It's easy to forget now that Josh Beckett looked like a Cy Young candidate as late as mid-August last season. The hard-throwing righty had a 3.10 ERA and a strikeout-to-walk ratio of 3.45. His win-loss record was 14-4, for those who care about that sort of thing. He'd thrown three complete games, including a three-hit shutout against Kansas City and a three-hit shutout against Atlanta.
Heck, he'd even hit a home run.
But the longball started to cause problems for him in late August, and his ERA reacted accordingly. By Sept. 2, Beckett had allowed at least two home runs in five straight starts and had seen his ERA jump to 3.87 -- and Jon Lester was the Game 1 started in the ALCS.
Home runs are one of those complicated things pitchers both can and can't control. A pitcher has a degree of control over how hard the ball gets hit, and how hard the ball gets hit has a lot to do with whether it goes over the fence. There's a little bit of luck involved, though, in whether fly balls turn into home runs or whether they end up caught at the warning track.
A look at Beckett's entire season indicates that he probably got a little bit unlucky during his rough patch in August.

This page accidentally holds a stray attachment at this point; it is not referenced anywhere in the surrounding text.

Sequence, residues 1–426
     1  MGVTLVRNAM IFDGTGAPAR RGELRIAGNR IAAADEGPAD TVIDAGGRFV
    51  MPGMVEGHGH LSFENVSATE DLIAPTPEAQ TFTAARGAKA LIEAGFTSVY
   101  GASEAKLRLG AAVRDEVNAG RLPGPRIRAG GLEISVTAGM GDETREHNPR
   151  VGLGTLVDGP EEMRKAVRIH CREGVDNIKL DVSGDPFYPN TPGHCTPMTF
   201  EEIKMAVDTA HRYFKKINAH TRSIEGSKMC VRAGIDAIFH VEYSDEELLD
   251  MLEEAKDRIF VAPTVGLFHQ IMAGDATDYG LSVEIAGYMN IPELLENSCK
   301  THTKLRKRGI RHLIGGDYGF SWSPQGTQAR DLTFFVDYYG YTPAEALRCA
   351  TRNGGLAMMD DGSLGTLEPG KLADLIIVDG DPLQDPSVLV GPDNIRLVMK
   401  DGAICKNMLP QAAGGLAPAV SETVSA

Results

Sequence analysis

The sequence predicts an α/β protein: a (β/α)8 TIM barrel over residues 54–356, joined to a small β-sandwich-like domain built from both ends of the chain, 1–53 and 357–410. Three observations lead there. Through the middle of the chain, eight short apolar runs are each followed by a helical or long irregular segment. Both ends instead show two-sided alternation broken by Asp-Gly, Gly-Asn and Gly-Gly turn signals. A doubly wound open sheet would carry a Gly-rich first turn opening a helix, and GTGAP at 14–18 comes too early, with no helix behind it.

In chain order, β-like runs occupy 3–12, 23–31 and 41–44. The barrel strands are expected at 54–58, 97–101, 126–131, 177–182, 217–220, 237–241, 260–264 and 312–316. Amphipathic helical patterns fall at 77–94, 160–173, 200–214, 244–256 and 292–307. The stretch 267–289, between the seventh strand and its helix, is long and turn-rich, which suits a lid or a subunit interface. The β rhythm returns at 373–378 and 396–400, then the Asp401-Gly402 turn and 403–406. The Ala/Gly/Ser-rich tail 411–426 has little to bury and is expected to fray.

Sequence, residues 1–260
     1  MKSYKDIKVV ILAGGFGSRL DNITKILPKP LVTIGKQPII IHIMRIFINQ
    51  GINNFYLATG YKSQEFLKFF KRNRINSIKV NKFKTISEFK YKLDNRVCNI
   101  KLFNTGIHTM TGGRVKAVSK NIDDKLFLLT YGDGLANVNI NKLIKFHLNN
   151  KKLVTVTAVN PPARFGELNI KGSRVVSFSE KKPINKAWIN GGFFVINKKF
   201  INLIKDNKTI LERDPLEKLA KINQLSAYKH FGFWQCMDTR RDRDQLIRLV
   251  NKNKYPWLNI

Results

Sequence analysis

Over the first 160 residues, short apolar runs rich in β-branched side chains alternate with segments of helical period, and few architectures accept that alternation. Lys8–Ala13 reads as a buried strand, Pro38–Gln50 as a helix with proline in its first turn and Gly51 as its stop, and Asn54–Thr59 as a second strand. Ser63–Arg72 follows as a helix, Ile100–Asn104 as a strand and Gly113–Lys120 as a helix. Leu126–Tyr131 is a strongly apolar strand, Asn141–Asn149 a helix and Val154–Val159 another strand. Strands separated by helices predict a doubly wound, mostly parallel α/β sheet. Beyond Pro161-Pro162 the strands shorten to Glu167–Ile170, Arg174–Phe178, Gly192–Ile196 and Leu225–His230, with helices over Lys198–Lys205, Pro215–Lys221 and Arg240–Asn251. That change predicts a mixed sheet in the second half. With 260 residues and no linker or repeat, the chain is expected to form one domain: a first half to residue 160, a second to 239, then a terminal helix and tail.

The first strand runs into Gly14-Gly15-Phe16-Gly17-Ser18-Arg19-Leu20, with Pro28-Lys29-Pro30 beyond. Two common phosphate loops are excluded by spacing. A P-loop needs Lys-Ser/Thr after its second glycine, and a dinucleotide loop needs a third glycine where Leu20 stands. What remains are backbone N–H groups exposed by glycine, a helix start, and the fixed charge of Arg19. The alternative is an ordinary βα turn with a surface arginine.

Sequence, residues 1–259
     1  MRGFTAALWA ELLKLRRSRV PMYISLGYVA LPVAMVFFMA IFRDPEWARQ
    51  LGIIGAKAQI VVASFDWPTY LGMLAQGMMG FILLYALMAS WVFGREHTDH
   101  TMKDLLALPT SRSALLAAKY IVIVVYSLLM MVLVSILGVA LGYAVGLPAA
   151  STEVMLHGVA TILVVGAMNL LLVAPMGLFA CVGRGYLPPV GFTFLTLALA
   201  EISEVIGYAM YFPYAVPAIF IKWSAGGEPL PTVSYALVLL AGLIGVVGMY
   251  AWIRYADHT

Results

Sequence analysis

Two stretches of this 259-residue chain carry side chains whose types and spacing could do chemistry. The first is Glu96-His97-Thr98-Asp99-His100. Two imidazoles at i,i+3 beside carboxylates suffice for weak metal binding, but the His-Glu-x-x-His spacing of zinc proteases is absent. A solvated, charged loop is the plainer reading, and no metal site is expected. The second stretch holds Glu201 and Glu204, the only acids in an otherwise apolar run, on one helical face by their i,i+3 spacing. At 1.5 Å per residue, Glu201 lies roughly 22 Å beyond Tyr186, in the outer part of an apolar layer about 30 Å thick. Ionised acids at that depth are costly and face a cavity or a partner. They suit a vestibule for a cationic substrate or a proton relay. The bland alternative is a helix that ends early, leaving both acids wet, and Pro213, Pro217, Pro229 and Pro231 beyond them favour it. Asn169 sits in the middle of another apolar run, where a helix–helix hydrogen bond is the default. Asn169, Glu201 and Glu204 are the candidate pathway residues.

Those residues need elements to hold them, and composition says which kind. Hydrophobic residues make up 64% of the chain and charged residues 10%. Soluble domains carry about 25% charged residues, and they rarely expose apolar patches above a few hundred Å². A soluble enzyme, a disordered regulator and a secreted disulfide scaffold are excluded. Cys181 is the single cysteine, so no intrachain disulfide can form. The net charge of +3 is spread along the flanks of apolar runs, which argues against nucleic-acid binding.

(Thanks to FanGraphs' tremendous new splits tool for the data.)
Beckett saw his ground-ball rate stay pretty consistent last season, spiking at 52.2 percent in June but never falling below 46 percent down the stretch. His fly-ball rate wasn't quite so consistent, jumping from 28.3 percent in June to 38.9 percent in August. At the same time, though, his line-drive rate hit a season low in August -- and line-drive rate usually is a better indicator of pitcher success or failure than either of the other two measures.
Even as his fly-ball rate jumped, his home-run rate jumped even higher -- higher than it had in his entire Red Sox career. Check out his HR/FB rates by month last season:
Home runs out of total fly balls
April: 10.0 percent
(Cue the outlier music.)
Not once in his Red Sox career has Beckett had a month even close to that bad. Not once in his Red Sox career has Beckett's HR/FB ratio even touched 20. His previous worst came in 2006 when his HR/FB numbers fluctuated between 11.1 and 19.5 percent. More often than not, his HR/FB ratio has been under 10 percent.
In other words, something looks awfully fluky about the rough August that Beckett endured last season -- and that's an encouraging sign for this season.